Loa Loa: The “African Eye Worm”

Loa Loa migrating through eye

Loa Loa migrating through eye

Nicknamed “the African eye worm”, Loa loa is one of those tropical parasites that myths and legends are made of.  A medically important parasite from Africa, this is commonly a disease of local people but can effect travelers and adventurers in the endemic areas.

 Basics:

Also known as “African Eye Worm”. Filarial worms migrate through all tissues of the body. Transient swellings and itching are most common symptoms and can take years to appear.

 

Location:

African rainforests and especially Central Africa

 

Transmission/ Incubation:

Transmitted by the bite of an infected Deer Fly (Chrysops species)

Prevention:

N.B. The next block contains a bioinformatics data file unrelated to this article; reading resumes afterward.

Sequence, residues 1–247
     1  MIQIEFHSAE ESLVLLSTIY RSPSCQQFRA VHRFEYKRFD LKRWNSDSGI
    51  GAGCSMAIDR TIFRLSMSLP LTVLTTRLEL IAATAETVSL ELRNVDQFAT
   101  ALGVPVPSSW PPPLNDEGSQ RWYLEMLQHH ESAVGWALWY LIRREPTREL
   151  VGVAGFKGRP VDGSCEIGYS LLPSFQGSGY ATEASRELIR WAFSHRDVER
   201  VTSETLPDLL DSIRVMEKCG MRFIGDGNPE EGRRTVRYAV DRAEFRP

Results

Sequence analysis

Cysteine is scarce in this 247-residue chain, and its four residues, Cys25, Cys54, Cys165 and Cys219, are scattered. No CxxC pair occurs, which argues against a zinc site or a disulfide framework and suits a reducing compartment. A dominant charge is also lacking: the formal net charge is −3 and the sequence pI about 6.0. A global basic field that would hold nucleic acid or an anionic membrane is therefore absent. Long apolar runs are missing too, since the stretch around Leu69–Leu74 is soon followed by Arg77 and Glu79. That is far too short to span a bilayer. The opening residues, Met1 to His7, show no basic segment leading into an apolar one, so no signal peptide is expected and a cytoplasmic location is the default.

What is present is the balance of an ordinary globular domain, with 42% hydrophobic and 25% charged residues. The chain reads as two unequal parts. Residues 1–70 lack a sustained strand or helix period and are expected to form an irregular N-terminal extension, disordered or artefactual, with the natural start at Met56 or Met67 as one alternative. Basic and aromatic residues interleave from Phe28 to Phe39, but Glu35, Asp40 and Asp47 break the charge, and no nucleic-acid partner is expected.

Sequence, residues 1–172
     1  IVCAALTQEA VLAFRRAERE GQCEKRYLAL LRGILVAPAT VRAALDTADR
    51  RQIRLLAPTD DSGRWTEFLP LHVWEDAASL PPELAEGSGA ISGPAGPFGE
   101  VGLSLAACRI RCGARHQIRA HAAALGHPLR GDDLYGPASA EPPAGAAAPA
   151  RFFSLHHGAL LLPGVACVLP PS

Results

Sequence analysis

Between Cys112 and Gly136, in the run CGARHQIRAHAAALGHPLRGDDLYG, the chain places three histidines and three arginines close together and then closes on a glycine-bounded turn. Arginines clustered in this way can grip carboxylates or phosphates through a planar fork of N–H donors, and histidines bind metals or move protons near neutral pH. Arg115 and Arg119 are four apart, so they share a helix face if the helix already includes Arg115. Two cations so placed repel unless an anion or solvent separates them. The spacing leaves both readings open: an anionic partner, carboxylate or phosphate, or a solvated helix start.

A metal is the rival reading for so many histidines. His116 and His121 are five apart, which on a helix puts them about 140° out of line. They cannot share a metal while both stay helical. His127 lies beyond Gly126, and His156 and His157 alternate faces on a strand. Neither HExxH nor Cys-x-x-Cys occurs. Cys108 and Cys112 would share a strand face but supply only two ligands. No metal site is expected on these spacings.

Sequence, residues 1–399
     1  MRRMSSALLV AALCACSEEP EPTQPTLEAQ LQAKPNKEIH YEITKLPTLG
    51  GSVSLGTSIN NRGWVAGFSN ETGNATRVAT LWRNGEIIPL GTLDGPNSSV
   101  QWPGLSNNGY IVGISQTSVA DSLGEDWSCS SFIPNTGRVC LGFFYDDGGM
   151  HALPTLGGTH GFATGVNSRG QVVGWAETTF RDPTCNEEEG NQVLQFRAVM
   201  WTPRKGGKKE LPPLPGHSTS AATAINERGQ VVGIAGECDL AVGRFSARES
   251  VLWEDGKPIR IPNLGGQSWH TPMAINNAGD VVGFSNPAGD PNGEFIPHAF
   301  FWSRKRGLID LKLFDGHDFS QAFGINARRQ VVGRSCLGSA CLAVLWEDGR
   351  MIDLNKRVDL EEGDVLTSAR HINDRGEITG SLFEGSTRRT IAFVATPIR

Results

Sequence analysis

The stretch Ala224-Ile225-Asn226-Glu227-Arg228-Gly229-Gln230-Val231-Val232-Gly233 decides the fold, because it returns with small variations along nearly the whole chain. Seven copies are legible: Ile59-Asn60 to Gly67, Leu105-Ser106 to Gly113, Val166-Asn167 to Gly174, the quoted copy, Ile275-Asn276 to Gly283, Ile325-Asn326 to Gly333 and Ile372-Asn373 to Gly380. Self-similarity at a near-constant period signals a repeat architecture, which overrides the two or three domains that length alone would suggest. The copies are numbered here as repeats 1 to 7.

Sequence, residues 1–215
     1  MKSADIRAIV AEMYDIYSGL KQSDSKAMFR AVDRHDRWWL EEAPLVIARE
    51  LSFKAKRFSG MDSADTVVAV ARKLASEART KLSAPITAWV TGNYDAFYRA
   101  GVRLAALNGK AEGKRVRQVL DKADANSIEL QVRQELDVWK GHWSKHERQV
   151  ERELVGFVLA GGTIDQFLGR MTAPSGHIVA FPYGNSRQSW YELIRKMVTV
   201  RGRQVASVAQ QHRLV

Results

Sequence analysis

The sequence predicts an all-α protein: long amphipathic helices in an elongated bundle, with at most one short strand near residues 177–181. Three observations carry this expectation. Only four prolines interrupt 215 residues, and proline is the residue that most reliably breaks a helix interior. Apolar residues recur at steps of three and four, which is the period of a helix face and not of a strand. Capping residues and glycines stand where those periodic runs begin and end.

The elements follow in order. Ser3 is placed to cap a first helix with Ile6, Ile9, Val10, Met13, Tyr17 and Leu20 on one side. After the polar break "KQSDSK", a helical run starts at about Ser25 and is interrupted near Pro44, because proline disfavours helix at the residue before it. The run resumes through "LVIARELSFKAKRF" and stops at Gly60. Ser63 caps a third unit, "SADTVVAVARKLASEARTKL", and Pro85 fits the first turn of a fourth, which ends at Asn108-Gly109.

Standard flying insect precautions, vector control, 300 mg once per week DEC (diethylcarbamazine) for high risk persons

 

Diagnosis:

Demonstration of microfilariae in daytime drawn blood smear

 

Treatment:

Diethylcarbamazine (DEC) 5-10 mg/kg three times per day for 3-4 weeks generally kills larvae and eliminates adult worms. Treat possible histamine/allergic based reactions with antihistamines/steroids. Albendazole and ivermectin may have a slower kill of larvae, causing a less severe treatment reaction.

 

Chrysops fly

Chrysops fly

This parasite is very similiar to the other nematodes including W. bancrofti.  however, this worm likes to move through tissues, without setting up a real permanent residency.  Soem trouble with this infection can occur when treatment begins.  Use of medications often used to treat other parasitic infections, found in the same geographic area, can cause bad reactions.  Caution should be used with ivermectine (treatment for onchocerciasis) as encephalitis/brain swelling can occur.  Common treatment reactions with DEC can involve histamine and typically respond well to antihistamines and/or steroids.

 

distribution of common parasitic infection

distribution of common parasitic infection

 

 

 

 

 

 

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